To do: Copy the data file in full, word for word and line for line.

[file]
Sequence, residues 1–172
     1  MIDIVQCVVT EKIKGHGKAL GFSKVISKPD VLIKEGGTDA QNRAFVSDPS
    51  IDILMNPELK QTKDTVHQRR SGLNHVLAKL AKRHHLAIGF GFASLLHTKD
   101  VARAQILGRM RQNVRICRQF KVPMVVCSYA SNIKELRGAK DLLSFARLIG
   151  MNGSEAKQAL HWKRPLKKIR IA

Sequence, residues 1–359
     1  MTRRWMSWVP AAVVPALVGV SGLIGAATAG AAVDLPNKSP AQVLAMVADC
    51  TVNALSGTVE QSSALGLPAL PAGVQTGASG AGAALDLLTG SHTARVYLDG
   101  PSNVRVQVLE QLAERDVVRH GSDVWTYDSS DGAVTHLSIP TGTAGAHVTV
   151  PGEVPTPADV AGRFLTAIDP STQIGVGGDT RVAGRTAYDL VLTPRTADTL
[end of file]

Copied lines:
Sequence, residues 1–172
     1  MIDIVQCVVT EKIKGHGKAL GFSKVISKPD VLIKEGGTDA QNRAFVSDPS
    51  IDILMNPELK QTKDTVHQRR SGLNHVLAKL AKRHHLAIGF GFASLLHTKD
   101  VARAQILGRM RQNVRICRQF KVPMVVCSYA SNIKELRGAK DLLSFARLIG
   151  MNGSEAKQAL HWKRPLKKIR IA

Sequence, residues 1–359
     1  MTRRWMSWVP AAVVPALVGV SGLIGAATAG AAVDLPNKSP AQVLAMVADC
    51  TVNALSGTVE QSSALGLPAL PAGVQTGASG AGAALDLLTG SHTARVYLDG
   101  PSNVRVQVLE QLAERDVVRH GSDVWTYDSS DGAVTHLSIP TGTAGAHVTV
   151  PGEVPTPADV AGRFLTAIDP STQIGVGGDT RVAGRTAYDL VLTPRTADTL